The ROSE Study
Purpose: A team of committed Feinstein Institute researchers and professionals are conducting the Research OutSmarts Endometriosis (ROSE) study. The goal of the ROSE study is to investigate the causes of endometriosis and bring improved diagnostics and treatments for women with endometriosis.
Time Commitment for Participant: Variable. Approximately 2-4hrs (telephonic screening and online paperwork)
Principal Investigator Contact and Institution: Feinstein Institute for Medical Research 516-562-3636
Purpose: The goal of the Citizen Endo project is to bridge the gap between what endometriosis patients actually experience and how doctors characterize the disease. As such, we aim to phenotype endometriosis according to patient's reports of their disease. This will help identify different sub-types of endometriosis. Researchers have already found that there is more than one phenotype of endometriosis by looking at histological samples from excised lesions, but these phenotypes do no correlate with disease stage or symptom severity. Through our app Phendo, a research and self-management smartphone app for endometriosis patients to self-track their symptoms, we collect data on how patients experience the disease day to day. With this data we can begin to identify similar groups of patients based on shared signs and symptoms. Having this information will ultimately enable better understanding of the disease and identifying more precise treatment and self-management strategies for women with endometriosis. More information can be found here.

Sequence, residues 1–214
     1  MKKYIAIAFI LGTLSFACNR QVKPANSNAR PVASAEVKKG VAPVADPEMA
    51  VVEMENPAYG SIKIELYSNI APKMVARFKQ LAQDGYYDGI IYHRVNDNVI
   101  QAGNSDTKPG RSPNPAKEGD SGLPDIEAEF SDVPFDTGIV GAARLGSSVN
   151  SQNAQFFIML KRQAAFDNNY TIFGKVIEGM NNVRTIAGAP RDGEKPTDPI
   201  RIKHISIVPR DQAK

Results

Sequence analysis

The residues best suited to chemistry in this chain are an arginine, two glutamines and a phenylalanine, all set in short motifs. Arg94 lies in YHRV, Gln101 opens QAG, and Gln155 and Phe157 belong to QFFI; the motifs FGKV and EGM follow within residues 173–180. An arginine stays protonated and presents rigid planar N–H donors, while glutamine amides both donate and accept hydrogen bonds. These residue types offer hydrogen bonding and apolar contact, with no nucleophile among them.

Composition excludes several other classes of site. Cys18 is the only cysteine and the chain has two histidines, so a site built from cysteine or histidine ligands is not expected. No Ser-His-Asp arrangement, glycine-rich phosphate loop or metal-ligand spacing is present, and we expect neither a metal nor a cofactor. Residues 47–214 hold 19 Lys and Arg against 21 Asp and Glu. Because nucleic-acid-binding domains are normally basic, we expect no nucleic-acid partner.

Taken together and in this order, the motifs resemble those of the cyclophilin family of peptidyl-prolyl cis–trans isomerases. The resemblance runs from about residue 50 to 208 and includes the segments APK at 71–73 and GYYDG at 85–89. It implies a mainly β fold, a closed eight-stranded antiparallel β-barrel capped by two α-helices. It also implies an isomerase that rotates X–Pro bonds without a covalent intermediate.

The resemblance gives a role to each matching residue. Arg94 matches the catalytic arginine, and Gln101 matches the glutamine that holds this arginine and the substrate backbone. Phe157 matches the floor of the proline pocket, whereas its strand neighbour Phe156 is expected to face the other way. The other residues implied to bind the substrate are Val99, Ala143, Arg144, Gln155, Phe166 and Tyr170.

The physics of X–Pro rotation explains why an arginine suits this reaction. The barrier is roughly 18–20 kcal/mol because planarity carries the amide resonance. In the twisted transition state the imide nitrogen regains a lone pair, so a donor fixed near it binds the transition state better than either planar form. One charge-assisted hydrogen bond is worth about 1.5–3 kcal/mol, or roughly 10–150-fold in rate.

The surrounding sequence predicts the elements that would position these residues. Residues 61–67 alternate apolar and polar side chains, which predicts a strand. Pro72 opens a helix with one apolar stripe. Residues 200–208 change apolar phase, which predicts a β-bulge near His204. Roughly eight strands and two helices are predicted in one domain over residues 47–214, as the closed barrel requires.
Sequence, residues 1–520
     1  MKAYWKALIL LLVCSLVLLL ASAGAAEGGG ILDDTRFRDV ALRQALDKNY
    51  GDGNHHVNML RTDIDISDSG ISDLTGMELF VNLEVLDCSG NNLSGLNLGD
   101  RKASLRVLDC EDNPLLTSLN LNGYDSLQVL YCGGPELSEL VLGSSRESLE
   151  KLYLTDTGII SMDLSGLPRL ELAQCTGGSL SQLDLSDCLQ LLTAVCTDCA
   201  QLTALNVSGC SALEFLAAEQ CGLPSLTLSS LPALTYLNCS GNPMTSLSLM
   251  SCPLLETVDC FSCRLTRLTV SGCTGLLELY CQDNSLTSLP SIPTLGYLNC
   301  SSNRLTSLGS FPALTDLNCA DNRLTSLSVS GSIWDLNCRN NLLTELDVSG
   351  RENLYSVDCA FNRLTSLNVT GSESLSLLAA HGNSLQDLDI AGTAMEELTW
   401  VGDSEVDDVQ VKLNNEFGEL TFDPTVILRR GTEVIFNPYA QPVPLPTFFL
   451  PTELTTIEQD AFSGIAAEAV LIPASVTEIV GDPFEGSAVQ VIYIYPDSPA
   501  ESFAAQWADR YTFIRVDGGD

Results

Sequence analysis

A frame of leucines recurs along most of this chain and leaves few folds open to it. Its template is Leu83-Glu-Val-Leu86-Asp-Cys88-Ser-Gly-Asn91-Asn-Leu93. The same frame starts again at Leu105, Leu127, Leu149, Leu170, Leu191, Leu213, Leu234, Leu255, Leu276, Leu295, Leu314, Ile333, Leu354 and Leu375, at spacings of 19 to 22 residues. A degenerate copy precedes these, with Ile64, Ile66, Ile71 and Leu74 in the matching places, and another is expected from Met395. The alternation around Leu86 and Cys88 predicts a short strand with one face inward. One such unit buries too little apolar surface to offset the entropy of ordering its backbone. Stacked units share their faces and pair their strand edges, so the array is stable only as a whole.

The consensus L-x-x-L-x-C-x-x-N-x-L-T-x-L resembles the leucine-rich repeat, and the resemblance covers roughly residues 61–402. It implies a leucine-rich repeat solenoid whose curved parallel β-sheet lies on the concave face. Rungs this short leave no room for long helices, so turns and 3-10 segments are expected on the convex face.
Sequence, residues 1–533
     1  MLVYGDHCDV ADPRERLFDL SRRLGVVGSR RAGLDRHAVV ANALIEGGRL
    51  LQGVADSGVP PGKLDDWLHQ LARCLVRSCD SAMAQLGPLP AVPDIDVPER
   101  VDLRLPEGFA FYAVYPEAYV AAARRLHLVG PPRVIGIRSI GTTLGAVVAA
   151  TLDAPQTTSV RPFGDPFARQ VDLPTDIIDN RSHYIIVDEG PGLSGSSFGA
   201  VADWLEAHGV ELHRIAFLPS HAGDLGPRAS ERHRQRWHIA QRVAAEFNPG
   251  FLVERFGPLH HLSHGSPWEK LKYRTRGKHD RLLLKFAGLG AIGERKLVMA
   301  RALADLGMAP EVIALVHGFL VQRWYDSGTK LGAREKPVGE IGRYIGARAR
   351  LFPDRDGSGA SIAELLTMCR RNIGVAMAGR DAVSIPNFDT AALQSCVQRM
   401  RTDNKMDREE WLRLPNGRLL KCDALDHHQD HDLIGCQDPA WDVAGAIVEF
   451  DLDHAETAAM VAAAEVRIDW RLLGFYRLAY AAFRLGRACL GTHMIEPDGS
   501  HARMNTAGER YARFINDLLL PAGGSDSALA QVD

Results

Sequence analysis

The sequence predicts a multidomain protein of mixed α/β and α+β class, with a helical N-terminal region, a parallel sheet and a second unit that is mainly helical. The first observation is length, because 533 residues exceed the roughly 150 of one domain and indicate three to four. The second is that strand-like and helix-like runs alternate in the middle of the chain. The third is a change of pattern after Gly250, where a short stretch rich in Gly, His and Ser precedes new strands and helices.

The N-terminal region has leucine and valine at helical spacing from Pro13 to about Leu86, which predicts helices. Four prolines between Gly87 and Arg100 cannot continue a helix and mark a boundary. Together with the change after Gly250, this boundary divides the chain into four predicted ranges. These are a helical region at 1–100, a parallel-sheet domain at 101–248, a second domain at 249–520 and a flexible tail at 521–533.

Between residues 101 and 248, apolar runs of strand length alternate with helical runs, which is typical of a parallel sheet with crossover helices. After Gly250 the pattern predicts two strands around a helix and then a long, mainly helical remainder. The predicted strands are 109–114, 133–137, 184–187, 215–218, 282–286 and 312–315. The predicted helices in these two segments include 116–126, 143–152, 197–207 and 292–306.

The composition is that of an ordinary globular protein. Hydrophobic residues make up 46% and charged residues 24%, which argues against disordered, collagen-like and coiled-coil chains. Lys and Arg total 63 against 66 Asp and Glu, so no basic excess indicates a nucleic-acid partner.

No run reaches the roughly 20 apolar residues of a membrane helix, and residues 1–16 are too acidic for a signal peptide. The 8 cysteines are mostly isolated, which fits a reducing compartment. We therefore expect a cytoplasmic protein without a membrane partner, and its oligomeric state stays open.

Phendo App is available for both IOS and Android:
Contact: email@example.com, Department of Biomedical Informatics, Columbia University Medical Center.
Reconfiguring Visions of Inevitable Maternity: Incorporating Infertility into Understandings of Womanhood
Purpose: Understanding the way in which heteronormative expectations of womanhood affect infertile women’s understandings of self, agency, and gender identity in the United States.
Eligibility and Participation: Participation involves an informal phone or Skype interview regarding experience with infertility or childlessness, hopes and concerns, reflections on cultural attitudes about women and gender in America, and perhaps, other related topics. After the interview, participants will be invited, but are not mandated, to continue study involvement through interactions with the researcher in activities such as a doctor appointment. Eligible women are Americans who are infertile, have had a hysterectomy, or face a prognosis of infertility.
Contact: Sasha Martin, Brandeis University